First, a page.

The historian said, "Oh? Why is that?" Polite like that, because he really could not care less about action movies. Even after I made the fine distinction that I was only talking about well-made action movies, not stupid ones, not the ones where stuff blows up and the hero walks away in slow motion while things are erupting behind him in sheets of flame and a power ballad amps up on the soundtrack. But whatever: I am pretty sure I will not convince him at this point that action movies are a category worth making allowances for, when your movie-going choices are on the line. At this point the historian knows his own tastes, and what he likes is (a) nothing set in a fantasy realm: no wizards, elves, dwarves, fairies, or orcs; (b) nothing where a bunch of stuff erupts in sheets of etc.; (c) no movies that are stupid; (d) small, human-scale movies that are plausible and something interesting and thought-provoking happens; (e) no gratuitous arty stuff, although he can tolerate that if the movie also exhibits characteristics of (d) above; (f) so-called little, "quirky" movies (also, see (d) above) (upon reading all of this to the historian, he points out that "little" and "quirky" are not necessarily the same category, so you can divide or merge the categories as you see fit--I'm leaving it up to you); (g) comedies that are actually funny (unlike so-called comedies that are not funny); and (h) the occasional good thriller and/or heist movie. [note: after reading this whole post to the historian, he points out another category all this leaves out, the western, and particularly old westerns, which he loves. And I also think of the sports movie, which is an action movie of a kind, but not really what I'm talking about here. Also: dance movies omg.]
I agree with most of the above, by the way: the differences between us are mostly a matter of degree. For instance, I don't love fantasy movies, and found the latter two of the Lord of the Rings films to be excessively orc-filled. But I can enjoy a fantasy element or so in a movie, if the movie is good. I really, truly loathe action movies that have the explosive elements mentioned above. On the other hand, a movie with awesome fighting or chases or kinetic forms of intrigue--that movie I will probably enjoy, and may possibly love.
For instance, I really, really loved Collateral, that Michael Mann [again with the director fetish] thing that had Tom Cruise as a killer who seemed composed entirely of nerve and muscle and an assassin's instincts. And I loved The Hurt Locker, which was both a war movie and an action movie, and the more awesome for being both. We both liked the Guy Ritchie Sherlock Holmeses, but one thing I liked about them was the chasing and the fighting. The Bourne movies were swell, for sure (I liked them a fair bit more than the historian did). And--this is probably the clincher--the art-house martial arts films, Crouching Tiger Hidden Dragon and House of Flying Daggers and Hero (others as well). I'm pretty sure I haven't seen any of the early great martial arts films, no Bruce Lee, none when Jackie Chan or Jet Li were in their prime. But I was absolutely riveted by these arty films. And recently, I enjoyed myself enormously at Mission Impossible: Ghost Protocol--perhaps just a tad too long, but otherwise, fantastic action sequences where I marveled simultaneously at the gorgeous well-framed sequences and shots, and the spectacle of the human body in motion.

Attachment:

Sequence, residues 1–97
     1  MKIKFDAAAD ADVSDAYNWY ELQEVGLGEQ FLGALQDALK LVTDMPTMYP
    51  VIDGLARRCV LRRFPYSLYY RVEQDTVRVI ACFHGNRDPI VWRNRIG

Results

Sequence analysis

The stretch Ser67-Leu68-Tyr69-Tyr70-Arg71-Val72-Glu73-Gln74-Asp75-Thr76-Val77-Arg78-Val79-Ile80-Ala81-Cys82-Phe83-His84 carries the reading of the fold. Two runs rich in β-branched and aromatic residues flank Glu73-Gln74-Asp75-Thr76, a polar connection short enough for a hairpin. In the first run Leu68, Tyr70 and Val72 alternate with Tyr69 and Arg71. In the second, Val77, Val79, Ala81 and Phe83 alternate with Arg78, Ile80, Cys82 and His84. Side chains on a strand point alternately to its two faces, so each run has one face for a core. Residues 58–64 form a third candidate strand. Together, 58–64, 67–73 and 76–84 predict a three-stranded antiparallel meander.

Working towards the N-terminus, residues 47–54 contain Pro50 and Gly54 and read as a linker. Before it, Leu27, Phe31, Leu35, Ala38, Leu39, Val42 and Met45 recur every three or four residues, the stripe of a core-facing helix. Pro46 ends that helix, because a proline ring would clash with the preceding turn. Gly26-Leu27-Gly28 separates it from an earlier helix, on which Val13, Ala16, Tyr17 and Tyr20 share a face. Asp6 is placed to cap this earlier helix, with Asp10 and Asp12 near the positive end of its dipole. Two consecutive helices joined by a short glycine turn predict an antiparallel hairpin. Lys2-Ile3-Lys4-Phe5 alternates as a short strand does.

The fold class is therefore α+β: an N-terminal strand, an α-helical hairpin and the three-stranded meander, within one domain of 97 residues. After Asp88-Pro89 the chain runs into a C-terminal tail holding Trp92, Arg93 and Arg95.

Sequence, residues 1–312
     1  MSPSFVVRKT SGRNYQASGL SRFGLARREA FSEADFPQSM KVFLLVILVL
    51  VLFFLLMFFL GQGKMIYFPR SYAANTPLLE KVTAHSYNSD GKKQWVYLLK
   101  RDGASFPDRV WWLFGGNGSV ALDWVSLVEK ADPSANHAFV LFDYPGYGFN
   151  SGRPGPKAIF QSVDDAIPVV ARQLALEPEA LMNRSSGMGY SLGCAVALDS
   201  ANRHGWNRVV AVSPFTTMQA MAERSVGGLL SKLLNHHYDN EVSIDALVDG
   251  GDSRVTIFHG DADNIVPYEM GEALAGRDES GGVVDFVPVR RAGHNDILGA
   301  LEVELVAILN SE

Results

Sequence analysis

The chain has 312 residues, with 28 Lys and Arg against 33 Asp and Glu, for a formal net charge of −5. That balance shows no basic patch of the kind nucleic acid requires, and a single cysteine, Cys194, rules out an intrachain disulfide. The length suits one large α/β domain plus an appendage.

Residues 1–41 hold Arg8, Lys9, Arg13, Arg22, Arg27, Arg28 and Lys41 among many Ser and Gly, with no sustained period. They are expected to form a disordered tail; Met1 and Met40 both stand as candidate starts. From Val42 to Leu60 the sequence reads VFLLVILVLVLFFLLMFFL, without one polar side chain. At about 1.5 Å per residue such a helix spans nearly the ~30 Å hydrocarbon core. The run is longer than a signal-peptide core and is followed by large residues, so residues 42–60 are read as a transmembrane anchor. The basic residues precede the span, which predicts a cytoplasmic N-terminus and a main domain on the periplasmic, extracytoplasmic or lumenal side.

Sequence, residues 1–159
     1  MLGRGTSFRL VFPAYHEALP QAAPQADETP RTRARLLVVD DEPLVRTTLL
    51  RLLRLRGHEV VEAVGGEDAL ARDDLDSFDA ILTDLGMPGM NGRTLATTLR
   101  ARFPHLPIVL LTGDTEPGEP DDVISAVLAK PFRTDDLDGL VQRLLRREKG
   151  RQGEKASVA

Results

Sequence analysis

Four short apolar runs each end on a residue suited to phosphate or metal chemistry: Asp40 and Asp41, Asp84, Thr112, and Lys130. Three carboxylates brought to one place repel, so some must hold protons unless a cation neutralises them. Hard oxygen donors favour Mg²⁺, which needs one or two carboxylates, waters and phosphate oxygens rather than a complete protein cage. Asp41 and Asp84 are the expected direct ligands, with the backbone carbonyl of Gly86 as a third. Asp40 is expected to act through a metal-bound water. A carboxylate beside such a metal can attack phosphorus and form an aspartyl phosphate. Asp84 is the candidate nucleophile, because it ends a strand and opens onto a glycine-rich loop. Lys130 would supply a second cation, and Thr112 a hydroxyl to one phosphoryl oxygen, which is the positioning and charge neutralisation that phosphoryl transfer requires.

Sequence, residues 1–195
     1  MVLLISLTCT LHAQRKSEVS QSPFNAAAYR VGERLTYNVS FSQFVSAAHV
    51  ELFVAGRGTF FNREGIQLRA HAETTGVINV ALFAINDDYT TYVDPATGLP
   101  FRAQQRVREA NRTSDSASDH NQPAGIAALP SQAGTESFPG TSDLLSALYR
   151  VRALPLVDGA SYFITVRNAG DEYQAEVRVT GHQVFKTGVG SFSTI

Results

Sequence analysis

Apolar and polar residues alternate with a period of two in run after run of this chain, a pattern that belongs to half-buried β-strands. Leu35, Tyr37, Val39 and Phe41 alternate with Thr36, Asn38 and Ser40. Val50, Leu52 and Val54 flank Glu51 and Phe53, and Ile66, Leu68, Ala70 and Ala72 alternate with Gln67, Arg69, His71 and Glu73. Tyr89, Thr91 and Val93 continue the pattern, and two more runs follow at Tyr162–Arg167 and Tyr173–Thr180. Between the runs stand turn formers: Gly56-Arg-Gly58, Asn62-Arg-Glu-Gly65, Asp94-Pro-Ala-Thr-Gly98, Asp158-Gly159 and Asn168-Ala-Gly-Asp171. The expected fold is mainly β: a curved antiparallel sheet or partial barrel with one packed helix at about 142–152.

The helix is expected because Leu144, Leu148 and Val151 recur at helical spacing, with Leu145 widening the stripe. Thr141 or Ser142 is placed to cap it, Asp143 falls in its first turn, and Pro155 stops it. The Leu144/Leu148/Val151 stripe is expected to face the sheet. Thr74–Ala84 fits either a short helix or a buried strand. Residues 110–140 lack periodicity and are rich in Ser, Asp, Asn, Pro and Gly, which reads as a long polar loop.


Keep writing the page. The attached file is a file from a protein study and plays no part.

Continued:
Isn't that really it? what movies can do, show us--the human body, strong, vulnerable and irrepressible, at the thin margin between life and death? When it's made well, the action movie shows us this, and it's thrilling.
I may or may not persuade the historian that he will enjoy Haywire, but I am pretty sure I will have to see it. Also, I may need to see MI:GP on an Imax screen. I hear it's mind-blowing.